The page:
In 1979, Ken Davis published an article that outline the characteristics of an orthodox Charismatic movement (as opposed to heretical ones), and then proposed that the 16th Century Anabaptists were such a movement. Taking up his work, I see the 4th Century Desert Fathers and Mothers were another such movement. This series explores those characteristics and shows how they were expressed among the Desert Saints.

Apocalyptic Restorationism

Heretical charismatic movements often exhibit a “heightened mood of apocalyptic, eschatological urgency” and see the “last days” outpouring of the Holy Spirit described in Joel 2 and Acts 2 not as operative in the church age generally, but as “a superapostolic restitution at the end of the age as the agency for bringing the millennium. Miracle-working, superempowered prophets were to lead to the conversion and purification of the whole human race and its institutions”. Their prophetic message is one of impending judgement (usually against their mainstream church “oppressors”).  Sometimes, the chief prophet of the movement claims to be one of the witnesses of Revelation 11, or even the second coming of Christ Himself.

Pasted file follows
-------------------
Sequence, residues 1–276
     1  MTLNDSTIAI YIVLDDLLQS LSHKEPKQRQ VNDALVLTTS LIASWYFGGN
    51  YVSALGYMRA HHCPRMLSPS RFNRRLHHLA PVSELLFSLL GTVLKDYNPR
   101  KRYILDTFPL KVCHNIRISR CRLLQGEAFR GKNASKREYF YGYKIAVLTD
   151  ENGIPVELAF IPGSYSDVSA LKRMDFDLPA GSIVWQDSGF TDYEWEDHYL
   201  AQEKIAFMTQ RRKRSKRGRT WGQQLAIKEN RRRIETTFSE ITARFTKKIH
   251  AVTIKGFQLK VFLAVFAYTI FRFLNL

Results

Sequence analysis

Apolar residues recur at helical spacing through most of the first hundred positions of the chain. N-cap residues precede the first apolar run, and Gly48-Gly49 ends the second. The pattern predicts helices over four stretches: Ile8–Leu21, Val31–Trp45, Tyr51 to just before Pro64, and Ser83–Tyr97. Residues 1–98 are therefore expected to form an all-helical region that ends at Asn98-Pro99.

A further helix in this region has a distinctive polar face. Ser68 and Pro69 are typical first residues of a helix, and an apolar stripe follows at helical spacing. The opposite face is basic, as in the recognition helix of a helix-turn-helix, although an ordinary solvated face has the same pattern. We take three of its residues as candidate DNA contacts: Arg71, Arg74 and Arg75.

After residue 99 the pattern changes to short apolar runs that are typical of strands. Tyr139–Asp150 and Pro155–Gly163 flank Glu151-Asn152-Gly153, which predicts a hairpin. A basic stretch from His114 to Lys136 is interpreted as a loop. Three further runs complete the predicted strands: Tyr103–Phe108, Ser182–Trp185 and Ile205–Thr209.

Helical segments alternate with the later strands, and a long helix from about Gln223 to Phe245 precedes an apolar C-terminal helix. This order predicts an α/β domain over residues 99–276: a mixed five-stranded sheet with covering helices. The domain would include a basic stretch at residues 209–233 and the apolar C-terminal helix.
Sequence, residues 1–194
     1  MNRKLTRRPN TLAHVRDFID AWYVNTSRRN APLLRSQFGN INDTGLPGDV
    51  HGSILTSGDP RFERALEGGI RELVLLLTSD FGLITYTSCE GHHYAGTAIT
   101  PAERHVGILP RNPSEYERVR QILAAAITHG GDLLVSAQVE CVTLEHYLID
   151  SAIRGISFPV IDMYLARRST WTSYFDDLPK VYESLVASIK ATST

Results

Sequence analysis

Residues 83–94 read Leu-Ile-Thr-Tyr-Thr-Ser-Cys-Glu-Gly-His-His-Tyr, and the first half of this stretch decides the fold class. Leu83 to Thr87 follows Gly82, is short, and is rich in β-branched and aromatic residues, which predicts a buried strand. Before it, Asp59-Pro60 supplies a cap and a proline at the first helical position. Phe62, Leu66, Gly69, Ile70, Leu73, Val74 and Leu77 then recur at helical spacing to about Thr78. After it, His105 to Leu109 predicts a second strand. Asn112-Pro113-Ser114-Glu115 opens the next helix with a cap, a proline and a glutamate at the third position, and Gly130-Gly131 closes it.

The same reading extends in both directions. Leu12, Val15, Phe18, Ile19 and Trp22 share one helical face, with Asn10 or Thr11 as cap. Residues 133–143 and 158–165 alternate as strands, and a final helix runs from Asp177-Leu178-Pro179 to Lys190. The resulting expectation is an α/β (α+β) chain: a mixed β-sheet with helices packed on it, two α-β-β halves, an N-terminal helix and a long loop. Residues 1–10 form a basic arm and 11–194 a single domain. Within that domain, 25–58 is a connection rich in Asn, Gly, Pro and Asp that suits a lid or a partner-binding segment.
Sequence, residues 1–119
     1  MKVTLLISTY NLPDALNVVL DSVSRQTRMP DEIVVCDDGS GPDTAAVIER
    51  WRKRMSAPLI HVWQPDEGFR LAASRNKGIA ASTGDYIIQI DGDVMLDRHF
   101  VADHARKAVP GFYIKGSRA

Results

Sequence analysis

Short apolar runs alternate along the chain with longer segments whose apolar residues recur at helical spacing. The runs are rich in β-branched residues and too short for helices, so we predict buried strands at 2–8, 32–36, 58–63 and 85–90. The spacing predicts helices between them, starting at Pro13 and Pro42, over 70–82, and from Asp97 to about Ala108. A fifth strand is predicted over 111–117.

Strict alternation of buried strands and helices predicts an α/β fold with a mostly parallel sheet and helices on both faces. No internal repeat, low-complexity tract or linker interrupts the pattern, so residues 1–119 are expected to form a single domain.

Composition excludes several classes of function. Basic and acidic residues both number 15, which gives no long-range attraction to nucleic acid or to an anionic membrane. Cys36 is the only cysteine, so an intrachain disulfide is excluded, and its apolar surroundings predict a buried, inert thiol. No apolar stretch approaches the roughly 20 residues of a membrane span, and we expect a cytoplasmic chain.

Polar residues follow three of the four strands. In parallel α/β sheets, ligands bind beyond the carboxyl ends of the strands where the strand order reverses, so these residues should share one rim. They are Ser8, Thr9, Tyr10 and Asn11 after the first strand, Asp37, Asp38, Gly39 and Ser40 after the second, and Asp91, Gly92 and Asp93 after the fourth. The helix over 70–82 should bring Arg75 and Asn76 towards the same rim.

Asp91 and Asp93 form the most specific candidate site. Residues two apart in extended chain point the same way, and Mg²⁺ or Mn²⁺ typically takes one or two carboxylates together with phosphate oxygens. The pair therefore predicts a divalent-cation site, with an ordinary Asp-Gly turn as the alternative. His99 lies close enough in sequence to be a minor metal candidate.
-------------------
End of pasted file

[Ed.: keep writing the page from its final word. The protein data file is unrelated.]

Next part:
The Desert Fathers were very mildly eschatological, with only a few references to the end times and the return of Christ. However, they were highly preoccupied with the judgement to come, regardless of whether it was experienced after one’s own death or as part of the Eschaton. This is why they constantly encouraged one another to live each day as though it was their last. This focus expressed itself in the later tradition in monasteries to locate the cemetery in a well-trafficked part of the grounds, as well as to dig a new grave after each burial. This way, the monks would have to pass by an open grave several times a day, as a stark reminder to “keep death daily before one’s eyes”.